Alex Brown is deputy editor of Cricinfo
Ernest Hilaire makes no attempt to sugar-coat the situation. Speaking before West Indies' abject top-order batting performance against Pakistan at the Wanderers, the incoming West Indies Cricket Board chief executive spoke chasteningly of the manner in which the board and West Indies Players' Association allowed an industrial dispute to descend into an international embarrassment.
Hilaire will assume the reins from Steve Camacho, the WICB's acting CEO, on October 1 and his first order of business will be to end the damaging dispute with the West Indies' Players Association that prompted leading players including Chris Gayle, Shivnarine Chanderpaul and Ramnaresh Sarwan, to undertake strike action. The recent moves of WIPA and WICB to accept the recommendations proposed by the region's CARICOM leaders appears a step in the right direction. However with the ICC's pledge of a best-versus-best Champions Trophy already in tatters on account of West Indies' second-string touring party - on Wednesday only a defiant rearguard and some inspired bowling staved off a complete rout against Pakistan - much damage has already been done.
Hilaire recognises as much, and is determined to usher in a new era of cooperation with an increasingly militant WIPA. The veteran St Lucian administrator is hopeful that West Indies' next international assignment - the Test and one-day tour of Australia - will witness a return to normality.
"We need to work with WIPA in the future and make sure we do so constructively," Hilaire told Cricinfo. "We need to be more mature about our relationship. The threat of strike action should not be a weapon of choice in negotiations. We need to have respect for each other and build trust in each other and identify that we are partners in this. We have the same ultimate goal, and that is to restore West Indies cricket to its pinnacle.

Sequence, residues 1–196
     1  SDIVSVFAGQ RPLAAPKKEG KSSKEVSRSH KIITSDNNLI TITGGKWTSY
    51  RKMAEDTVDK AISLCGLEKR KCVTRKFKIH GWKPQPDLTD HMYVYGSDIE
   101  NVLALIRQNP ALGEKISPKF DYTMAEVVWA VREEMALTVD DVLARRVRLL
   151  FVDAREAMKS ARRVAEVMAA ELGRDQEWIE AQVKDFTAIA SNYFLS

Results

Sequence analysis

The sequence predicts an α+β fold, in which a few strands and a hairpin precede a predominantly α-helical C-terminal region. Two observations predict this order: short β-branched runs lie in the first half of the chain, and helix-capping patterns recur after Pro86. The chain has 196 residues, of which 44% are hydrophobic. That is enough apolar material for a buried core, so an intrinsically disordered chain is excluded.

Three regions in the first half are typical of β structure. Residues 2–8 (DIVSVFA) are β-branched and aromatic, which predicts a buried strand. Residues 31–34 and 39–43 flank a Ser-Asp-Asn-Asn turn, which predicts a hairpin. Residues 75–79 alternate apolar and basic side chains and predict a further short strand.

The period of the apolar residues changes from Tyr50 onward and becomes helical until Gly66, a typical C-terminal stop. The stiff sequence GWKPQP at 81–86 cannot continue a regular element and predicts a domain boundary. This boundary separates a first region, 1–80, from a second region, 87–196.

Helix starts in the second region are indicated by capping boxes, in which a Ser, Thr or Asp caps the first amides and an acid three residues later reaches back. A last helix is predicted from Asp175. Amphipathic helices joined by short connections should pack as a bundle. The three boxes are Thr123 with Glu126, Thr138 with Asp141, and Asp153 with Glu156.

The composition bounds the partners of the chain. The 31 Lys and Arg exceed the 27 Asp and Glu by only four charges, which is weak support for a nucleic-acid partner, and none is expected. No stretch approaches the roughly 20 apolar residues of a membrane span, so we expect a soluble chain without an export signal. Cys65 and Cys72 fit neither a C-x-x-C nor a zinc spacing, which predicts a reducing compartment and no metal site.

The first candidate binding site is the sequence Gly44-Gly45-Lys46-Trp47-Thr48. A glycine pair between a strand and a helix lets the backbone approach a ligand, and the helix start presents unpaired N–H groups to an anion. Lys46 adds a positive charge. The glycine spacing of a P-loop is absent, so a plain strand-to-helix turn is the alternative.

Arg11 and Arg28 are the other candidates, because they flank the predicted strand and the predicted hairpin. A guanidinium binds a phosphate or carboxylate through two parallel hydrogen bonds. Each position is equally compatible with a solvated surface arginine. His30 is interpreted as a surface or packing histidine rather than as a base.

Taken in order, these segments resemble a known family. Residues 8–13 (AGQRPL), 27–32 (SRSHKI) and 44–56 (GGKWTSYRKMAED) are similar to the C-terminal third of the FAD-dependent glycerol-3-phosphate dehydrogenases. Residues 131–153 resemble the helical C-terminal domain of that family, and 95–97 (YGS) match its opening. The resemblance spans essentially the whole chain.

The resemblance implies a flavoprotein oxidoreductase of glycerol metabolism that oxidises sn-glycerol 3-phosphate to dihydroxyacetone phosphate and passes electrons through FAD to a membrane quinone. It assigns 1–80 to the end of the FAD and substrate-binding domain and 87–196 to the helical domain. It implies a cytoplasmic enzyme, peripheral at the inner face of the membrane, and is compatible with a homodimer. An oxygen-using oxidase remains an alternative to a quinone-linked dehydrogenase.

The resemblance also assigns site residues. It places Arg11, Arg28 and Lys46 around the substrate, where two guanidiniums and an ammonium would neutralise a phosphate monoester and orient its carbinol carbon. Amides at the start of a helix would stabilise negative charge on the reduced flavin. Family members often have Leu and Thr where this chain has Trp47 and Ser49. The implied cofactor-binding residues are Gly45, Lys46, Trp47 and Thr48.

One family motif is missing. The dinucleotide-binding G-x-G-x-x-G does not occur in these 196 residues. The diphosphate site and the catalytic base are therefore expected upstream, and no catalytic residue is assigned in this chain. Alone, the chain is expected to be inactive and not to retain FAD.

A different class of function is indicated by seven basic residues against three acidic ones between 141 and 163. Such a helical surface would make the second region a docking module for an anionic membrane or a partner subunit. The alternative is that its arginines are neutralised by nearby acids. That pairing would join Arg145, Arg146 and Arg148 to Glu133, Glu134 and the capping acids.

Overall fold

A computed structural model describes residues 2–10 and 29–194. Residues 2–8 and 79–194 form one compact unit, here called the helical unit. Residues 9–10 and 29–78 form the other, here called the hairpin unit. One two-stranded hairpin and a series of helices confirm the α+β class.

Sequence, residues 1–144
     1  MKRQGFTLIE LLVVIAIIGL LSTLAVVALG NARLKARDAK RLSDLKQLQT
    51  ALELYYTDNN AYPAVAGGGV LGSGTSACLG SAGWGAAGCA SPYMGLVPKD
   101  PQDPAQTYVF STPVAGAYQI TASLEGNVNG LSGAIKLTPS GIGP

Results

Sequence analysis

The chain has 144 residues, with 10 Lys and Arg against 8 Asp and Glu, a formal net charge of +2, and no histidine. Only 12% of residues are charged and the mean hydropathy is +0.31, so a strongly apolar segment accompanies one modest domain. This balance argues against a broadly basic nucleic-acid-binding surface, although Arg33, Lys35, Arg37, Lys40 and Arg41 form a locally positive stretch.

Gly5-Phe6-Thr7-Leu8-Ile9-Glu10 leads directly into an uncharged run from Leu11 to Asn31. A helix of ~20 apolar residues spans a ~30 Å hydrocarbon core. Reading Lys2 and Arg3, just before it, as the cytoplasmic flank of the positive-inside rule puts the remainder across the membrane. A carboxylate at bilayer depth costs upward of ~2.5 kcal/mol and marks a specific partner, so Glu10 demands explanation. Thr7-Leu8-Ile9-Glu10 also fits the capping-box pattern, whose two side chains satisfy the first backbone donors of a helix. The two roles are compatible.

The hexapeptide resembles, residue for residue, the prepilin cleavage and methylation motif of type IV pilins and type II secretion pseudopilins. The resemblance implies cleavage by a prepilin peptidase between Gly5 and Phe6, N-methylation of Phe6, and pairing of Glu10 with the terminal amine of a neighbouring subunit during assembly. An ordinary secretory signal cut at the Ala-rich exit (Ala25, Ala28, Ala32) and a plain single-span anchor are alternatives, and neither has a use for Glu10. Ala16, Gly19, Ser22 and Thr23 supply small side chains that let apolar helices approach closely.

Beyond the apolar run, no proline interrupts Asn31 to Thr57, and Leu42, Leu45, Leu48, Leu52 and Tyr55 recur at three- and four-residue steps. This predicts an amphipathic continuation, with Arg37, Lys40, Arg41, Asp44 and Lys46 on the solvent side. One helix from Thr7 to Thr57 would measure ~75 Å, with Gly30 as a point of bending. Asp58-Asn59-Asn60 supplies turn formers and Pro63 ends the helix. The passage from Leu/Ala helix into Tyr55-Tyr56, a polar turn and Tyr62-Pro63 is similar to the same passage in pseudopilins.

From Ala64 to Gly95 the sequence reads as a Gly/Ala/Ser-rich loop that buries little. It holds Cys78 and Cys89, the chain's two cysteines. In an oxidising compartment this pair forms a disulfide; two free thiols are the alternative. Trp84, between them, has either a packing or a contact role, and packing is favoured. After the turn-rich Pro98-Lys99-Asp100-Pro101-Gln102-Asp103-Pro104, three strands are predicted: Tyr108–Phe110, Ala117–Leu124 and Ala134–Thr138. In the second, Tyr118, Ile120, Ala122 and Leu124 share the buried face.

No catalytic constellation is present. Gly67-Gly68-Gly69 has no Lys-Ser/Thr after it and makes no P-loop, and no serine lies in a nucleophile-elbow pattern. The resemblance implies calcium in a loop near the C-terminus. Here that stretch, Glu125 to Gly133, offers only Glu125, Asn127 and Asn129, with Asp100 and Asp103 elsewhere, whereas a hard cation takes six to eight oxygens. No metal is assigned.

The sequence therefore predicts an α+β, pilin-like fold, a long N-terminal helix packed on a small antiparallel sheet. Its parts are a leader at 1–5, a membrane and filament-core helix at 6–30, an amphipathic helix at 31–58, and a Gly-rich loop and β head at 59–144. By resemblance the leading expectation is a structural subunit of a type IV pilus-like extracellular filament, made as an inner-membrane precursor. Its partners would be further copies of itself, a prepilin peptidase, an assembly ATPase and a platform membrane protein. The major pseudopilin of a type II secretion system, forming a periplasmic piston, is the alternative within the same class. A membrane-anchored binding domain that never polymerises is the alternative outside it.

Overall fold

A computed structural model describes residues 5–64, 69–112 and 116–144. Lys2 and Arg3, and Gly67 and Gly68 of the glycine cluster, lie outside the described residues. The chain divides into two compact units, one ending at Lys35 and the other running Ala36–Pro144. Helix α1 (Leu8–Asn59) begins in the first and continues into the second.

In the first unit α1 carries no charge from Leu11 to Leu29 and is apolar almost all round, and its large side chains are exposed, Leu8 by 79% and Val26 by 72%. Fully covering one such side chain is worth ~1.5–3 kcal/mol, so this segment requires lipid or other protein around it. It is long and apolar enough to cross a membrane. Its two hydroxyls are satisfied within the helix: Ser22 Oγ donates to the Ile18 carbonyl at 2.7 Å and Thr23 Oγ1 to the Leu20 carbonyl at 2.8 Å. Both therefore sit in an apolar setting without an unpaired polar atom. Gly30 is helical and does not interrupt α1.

"We must all ensure that we never go through this again. Even if we don't agree with WIPA, we have to be mature and professional enough to resolve it without resorting to the measures we have in the recent past. Not for one minute could we dream that there will never again be differences between the board and the players. We just need to handle those in a mature and professional way. Nobody is looking to destroy WIPA."
Hilaire concedes the board's governance has suffered from "inefficiencies" and "failures to communicate" in the past. He intends to submit a plan that will allow the WICB to streamline its operations and "build a professional and modern high-performance structure" that will assist the senior team in recouping the ground lost during this year's damaging labour dispute, while also addressing the oft-neglected domestic system.
They are lofty ambitions - particularly for a board with a lamentable recent performance record and a reputation for conflict among its various regional members - but Hilaire believes all will be attainable during his term as chief executive. To do so, he will need the board and the players' union to lay down their arms and commit to a long-term partnership; a truce he hopes to broker in the short-term.
"It would be very difficult for anyone to make the case that the board has been at its most efficient and effective," he said. "That can be said of a lot of organisations and corporations, too. You just have to look at the size of the staff and the general ability to cope with the demands of international cricket. We have to have the capacity to implement changes, or we risk going down the same old road.
"There are some long-lasting issues. There needs to be better efficiency and better lines of communication between the two parties. The issue of rights and contracts I suspect might take a little longer to resolve than some of the other issues. But we must make sure that the core issue of getting the players back on the field is not contingent on just one area of negotiations.
"We have a very proud cricketing heritage. We dominated world cricket in the 1980s and for a period of the 1990s. The true dream of West Indies cricket is to return to that dominance, but we of course realise that there is a long, long road ahead for us to realise that. What we have is a very distinct brand of cricket - the way we bat, bowl and carry ourselves. That has to be rediscovered, but we must ensure that we do not become stuck in the past."